In this regard, according to our data collection, the subscriptions model has been identified in different local news media as their main source of revenue. This model can be defined as regular payments for access to paywalled content (Newman, 2018). This is, for example, the case of InsideStory from Athens, Greece,and Viernull from Dusselforf, Germany, interviewed for the LM4D project. A common aspect of these two news media outlets is that they produce weekly newsletters. In effect, newsletters have become a popular format in recent times, one that offers a high degree of targeting, curated content, distraction-free analysis and commentaries. Another popular format that works well with the subscriptions model are podcasts. This format demonstrates a greater degree of engagement and is a powerful tool for connecting with audiences, particularly younger ones (Reviglio & Borges, 2023). The potential demonstrated by these two new formats in enhancing the willingness to pay reflected on publishers investing more in podcasts and newsletters, as these two formats have proved to be successful in increasing loyalty and in attracting new subscribers (Newman, 2022).

Together with subscriptions, advertising is the most immediate revenue stream. Indeed, according to the European Industry Media Outlook (European Commission, 2023), advertising revenues in the EU account for nearly 40,8% of total revenues of publishers income, including both print and digital. However, we observed that among the news media interviewed for the project, some avoid this business model for two main reasons: first, because it may undermine the readers’ experience and, second, for editorial independence concerns.

Another model identified in the context of the LM4D project is the membership model. Different from the subscription model, membership can be defined as a regular fee paid by loyal users to keep the news publication or website free for all. Membership is usually not used alone by media companies, but as part of a mixed-model that can also combine subscriptions and advertising revenues. The membership model is based on the sense of a “community of readers” sustaining the outlet. For this reason, the media providers using this model keep the community alive by organising events, such as meetings with editors and parties, or newsletters and podcasts as exclusive benefits for members. One of the local news media providers identified by the LM4D using membership as one of its revenue streams is Zebra., a non-profit street newspaper from Bressanone, Italy (Südtirol), that has been producing since 2014 monthly bilingual news – in German and Italian – in the format of a magazine. In the case of Zebra, membership is part of a revenue model that also combines advertising and sales. Similarly, Freedom Letter from Denmark, an online news media founded in 2021, has membership as its main source of revenue.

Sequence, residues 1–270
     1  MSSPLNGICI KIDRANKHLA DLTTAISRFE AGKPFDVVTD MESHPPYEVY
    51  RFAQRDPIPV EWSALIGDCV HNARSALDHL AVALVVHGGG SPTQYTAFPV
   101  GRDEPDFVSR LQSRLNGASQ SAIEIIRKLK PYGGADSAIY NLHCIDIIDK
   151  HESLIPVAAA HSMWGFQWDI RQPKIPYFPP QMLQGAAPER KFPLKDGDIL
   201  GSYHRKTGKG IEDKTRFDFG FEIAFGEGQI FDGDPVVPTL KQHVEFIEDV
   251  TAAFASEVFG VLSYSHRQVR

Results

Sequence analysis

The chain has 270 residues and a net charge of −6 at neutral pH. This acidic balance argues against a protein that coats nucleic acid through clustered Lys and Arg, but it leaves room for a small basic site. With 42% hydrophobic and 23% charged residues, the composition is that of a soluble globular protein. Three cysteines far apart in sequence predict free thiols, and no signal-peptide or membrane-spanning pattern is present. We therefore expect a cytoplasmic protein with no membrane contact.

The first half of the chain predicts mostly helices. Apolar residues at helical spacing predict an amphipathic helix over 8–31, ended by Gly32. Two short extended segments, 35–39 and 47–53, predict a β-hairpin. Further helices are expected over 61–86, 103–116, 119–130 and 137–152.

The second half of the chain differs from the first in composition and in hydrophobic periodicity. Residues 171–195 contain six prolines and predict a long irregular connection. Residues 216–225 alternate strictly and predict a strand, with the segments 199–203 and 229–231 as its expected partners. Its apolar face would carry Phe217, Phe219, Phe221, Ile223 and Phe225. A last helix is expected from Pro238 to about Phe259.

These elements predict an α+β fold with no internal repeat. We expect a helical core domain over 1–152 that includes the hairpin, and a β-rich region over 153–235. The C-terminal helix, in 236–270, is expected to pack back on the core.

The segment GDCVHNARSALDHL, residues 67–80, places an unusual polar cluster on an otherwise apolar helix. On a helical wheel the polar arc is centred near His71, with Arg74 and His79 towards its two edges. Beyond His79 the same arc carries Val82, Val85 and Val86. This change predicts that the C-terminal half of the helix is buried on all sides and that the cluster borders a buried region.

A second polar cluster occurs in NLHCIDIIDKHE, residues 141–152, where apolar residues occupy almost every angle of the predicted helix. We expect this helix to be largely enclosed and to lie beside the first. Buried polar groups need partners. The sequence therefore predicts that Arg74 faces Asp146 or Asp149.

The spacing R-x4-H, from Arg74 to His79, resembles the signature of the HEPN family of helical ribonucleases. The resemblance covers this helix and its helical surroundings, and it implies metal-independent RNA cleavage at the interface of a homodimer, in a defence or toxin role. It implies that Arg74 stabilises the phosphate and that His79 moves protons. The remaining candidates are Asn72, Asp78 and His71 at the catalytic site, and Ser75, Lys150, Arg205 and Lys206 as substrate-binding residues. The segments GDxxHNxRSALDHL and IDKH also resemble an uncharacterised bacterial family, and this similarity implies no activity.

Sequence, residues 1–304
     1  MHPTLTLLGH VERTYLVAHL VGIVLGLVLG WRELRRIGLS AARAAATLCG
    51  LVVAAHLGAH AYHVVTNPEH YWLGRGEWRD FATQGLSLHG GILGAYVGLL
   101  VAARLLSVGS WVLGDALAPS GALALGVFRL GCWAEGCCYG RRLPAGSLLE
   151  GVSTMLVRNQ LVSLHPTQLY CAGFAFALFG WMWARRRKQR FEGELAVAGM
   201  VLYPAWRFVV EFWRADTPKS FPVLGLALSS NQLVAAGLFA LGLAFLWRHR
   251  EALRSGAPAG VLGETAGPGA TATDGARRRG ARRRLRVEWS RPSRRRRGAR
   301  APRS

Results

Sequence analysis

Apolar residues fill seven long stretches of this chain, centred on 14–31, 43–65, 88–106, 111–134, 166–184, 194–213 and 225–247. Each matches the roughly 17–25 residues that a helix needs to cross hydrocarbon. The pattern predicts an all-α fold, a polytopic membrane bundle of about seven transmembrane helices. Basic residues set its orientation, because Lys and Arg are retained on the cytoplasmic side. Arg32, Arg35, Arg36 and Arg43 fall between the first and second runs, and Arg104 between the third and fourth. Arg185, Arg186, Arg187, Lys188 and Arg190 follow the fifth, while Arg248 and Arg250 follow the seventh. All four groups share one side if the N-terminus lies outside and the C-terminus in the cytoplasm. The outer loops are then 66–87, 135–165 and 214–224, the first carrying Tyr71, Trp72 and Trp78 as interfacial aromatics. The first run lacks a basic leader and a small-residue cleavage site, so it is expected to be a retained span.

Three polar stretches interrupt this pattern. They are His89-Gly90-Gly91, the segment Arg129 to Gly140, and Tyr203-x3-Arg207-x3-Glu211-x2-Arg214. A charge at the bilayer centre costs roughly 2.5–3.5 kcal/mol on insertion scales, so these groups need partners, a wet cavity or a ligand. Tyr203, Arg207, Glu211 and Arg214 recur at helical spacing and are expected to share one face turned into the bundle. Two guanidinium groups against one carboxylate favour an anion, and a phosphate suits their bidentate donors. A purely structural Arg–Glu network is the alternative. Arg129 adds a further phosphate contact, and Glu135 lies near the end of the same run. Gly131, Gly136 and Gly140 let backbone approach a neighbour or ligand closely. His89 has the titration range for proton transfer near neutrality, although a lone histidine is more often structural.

Departing from a similar idea of community embedded in the membership model, crowdfunding has also been used to fund local media outlets. The process of crowdfunding uses the network (community) to make an open call to receive funds from the “crowd”. The investment raised by the crowdfunding campaign is then used to finance an initiative supported by those who contributed to the campaign fund. In the case of local media, these campaigns are often used to start new local journalism initiatives. As Carvajal et al. (2012, p. 641) explain, crowdfunding is not a donation nor an investment, as backers always receive rewards in exchange for the money provided or project they funded, but they are not investors, because they do not generally obtain financial benefits, and are not shareholders. In the LM4D project we came across some local media providers which initiated their activities raising funds through crowdfunding campaigns. Some examples are the journal RUMS, from Münster, and the magazine KATAPULT from Greifswald, both in Germany.